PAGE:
Monday, December 31, 2012

OPEN ENDED MORATORIUM NOT GOOD FOR CPRIT AND RELATED BUSINESSES.

While it is imperative to stop the grant process in order to remove CPRIT leaders who have been embroiled in a succession of scandals from mismanagement, there is also the sense that a prolonged Moratorium may hurt this very important program.
The Moratorium is aimed at:
1. Stopping the cancer within CPRIT
2. Nominate new CPRIT leaders
3. To fully investigate what happened
4. To determine ways to improve on the experience at CPRIT
5. To formulate new legislation in order to boost policies and activities
6. To restart a new and improved CPRIT.

The cancer within CPRIT has been dealt a blow by the removal of CPRIT executives, and the rising sense at CPRIT that they cannot continue to do things the old ways.  More needs to be demonstrated and a full reevaluation of the CPRIT system is awaited by communities around Texas  (Particularly in El Paso which so far has received less than 0.5% of CPRIT grant allocations of the close to 1 billion dollars).

New interim leaders have been nominated. We applaud them for their courage to get involved.  We wish them well and only ask of them to broaden the foot print of CPRIT by reaching out to new cities, new companies, and new ventures to really make a difference in low income communities.  We wish to remind them that El Paso is under-served and here prevention and clinical research will have the highest reach and impact.  Inclusion of minority populations makes for a more meaningful research outcome.

Investigation into activities at CPRIT is two fold.  One involves the legislators who founded and framed CPRIT.  They have been outraged by questionable practices at CPRIT.  They are now investigating to see how new legislation brought to CPRIT may prevent the current undermining trends at CPRIT and how to build ways to protect against future abuses.   The second one is to review and ascertain the possibility that criminal conduct had occurred at CPRIT.  The District Attorney and relevant offices have opened necessary investigations.  These types of investigations could be exhaustive and lengthy!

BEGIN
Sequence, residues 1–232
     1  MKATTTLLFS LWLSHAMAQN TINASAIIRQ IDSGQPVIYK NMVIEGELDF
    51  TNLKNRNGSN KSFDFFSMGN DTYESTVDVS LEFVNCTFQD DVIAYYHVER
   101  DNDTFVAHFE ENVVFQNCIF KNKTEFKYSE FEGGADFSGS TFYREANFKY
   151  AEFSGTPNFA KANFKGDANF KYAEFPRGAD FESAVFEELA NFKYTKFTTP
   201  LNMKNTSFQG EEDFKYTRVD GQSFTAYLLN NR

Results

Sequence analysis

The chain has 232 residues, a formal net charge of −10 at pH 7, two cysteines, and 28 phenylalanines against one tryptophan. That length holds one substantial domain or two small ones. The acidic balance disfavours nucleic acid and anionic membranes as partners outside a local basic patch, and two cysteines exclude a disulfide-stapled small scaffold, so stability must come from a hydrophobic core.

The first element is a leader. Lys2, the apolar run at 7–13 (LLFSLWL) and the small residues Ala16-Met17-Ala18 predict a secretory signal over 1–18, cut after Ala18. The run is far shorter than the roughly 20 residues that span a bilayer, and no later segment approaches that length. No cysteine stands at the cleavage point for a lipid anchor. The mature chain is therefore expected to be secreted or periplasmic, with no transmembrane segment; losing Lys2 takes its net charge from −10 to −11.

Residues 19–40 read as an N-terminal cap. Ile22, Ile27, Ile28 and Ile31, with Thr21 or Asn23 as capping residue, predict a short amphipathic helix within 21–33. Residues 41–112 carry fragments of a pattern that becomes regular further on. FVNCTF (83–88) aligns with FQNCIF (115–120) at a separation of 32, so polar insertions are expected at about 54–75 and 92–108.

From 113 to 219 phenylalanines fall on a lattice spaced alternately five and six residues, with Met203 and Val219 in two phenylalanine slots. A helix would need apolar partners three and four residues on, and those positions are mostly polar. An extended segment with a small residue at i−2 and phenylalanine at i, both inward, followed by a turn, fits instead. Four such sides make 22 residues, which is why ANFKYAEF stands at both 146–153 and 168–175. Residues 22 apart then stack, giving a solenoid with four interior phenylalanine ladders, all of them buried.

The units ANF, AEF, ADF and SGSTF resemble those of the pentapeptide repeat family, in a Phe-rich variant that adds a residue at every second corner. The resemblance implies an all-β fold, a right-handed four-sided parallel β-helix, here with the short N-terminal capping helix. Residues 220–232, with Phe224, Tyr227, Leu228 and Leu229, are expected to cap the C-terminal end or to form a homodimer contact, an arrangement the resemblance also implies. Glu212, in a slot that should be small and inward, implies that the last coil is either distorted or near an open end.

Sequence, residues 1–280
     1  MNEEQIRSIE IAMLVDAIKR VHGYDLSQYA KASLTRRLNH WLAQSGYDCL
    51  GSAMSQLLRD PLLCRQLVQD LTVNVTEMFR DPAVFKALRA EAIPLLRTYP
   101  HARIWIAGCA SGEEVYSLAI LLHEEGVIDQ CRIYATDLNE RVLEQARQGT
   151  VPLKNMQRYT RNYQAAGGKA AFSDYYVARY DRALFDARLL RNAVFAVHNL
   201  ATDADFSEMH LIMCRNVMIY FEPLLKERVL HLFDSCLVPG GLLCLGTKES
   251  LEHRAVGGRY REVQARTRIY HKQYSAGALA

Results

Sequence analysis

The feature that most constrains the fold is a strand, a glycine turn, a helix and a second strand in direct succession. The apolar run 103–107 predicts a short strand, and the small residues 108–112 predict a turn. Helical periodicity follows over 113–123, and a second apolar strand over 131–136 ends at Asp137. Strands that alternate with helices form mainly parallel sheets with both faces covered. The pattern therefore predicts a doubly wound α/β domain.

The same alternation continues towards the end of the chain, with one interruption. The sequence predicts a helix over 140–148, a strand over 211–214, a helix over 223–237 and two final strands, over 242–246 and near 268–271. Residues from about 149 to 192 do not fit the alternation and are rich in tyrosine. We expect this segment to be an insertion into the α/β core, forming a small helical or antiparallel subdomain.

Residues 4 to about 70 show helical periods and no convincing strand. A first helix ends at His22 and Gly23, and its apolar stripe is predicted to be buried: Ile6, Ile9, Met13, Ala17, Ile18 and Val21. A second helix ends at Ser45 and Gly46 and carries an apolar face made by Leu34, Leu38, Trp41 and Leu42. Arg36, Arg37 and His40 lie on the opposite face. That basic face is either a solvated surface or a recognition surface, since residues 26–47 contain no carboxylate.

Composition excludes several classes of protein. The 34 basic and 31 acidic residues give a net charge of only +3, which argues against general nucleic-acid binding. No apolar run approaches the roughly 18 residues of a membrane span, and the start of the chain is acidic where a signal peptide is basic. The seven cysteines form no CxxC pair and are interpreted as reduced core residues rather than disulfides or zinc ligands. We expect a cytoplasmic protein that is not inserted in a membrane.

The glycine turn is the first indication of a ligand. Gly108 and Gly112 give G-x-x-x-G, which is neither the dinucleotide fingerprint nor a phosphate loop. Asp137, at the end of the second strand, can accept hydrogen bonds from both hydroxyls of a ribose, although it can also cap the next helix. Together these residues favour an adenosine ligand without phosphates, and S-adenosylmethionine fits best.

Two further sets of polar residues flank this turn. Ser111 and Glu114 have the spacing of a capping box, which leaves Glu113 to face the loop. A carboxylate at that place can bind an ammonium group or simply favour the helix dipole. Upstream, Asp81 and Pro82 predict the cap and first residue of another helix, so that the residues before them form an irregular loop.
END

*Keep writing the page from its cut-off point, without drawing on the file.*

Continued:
With all this going on, a Moratorium on the grant allocation or distribution had to implemented while improving internal policies, implementing checks and balances, hiring needed people to replace the leaving, and putting in place mandates for the new legislation ( basically putting in place things the governor and the Lt Governor called for CPRIT to do prior to resumption of Grant allocation activities).

Despite this understanding, it is clear that if this moratorium is open ended and not further characterized, its toll may hurt CPRIT, businesses and communities waiting for CPRIT resurgence.   At CPRIT the morale may move from anxiety to numbness, the new leaders may lose their yearning to lead again, and new Business applicants already are in limbo!  Those who got funded continue their activities, but suffice is to say even they need a vibrant and alive CPRIT to monitor their progress.  The length of the moratorium cannot be linked to the criminal investigation which should not be rushed in order to be thorough.   Our legislators are busy.  It's good they complete this task before their attention is called elsewhere.   CPRIT has only 7 years to go.  Let's work in a timely fashion.  We believe in a time frame that may tell us how long we will wait.  CPRIT is too important in our lives in various ways.  Even if it is just the hope that it represents!
Post a Comment